You can also sell digital products like podcasts, e-books, or downloadable guides directly from the site.Wayde’s World Hawaii has uploaded free podcasts on its website, but a business could certainly sell its own content. As your readership grows, you may even be able to earn residual income by running ads.
#3: Self-publish books.
Tour and activity operators have valuable insider knowledge about particular destinations and sites they work in. Consider publishing e-books that provide useful information such as travel tips and seasonal activities that a traveler can access on their smartphone or tablet. These shorter mini-guides can be priced much lower than other books on the market for a quick download. Look at these Kindle travel guides for inspiration.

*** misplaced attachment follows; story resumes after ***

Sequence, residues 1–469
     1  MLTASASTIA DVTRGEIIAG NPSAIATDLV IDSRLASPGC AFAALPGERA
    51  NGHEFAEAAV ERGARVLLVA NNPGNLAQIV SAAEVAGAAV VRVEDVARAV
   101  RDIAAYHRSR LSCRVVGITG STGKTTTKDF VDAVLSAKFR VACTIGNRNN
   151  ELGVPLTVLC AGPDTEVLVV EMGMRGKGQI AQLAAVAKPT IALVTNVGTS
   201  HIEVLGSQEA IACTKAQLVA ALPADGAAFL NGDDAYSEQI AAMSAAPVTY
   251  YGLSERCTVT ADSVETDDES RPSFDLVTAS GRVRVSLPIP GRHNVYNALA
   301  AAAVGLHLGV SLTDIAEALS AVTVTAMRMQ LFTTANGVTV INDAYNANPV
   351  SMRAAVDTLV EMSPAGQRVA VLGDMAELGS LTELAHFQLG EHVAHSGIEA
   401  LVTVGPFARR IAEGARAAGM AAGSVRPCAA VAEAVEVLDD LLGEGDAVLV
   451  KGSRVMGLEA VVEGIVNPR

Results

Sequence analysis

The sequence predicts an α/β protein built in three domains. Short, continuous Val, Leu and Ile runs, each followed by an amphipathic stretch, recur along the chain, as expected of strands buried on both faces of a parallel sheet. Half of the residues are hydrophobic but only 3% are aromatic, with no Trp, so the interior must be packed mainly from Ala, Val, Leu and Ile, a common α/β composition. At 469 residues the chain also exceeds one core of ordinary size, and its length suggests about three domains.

Take advantage of self-publishing tools like Amazon’s CreateSpace. These tools can help you create and upload books to print-on-demand and places them for sale on Amazon’s network, where you’ll earn a percentage of each sale. Whether you publish a single book or a whole series, these books can provide detailed maps, resources for travelers, photographs, and insider tips about a particular destination. Promote these on your website and take advantage of Amazon’s marketing services to help generate passive income in any season.
#4: Partner with local businesses.
When it’s slow season and you have more time to shift your focus on branding and marketing, consider reaching out to local businesses that complement yours to co-market various tours. Since partnering with bigger chains and brands have challenging approval processes, target smaller businesses instead.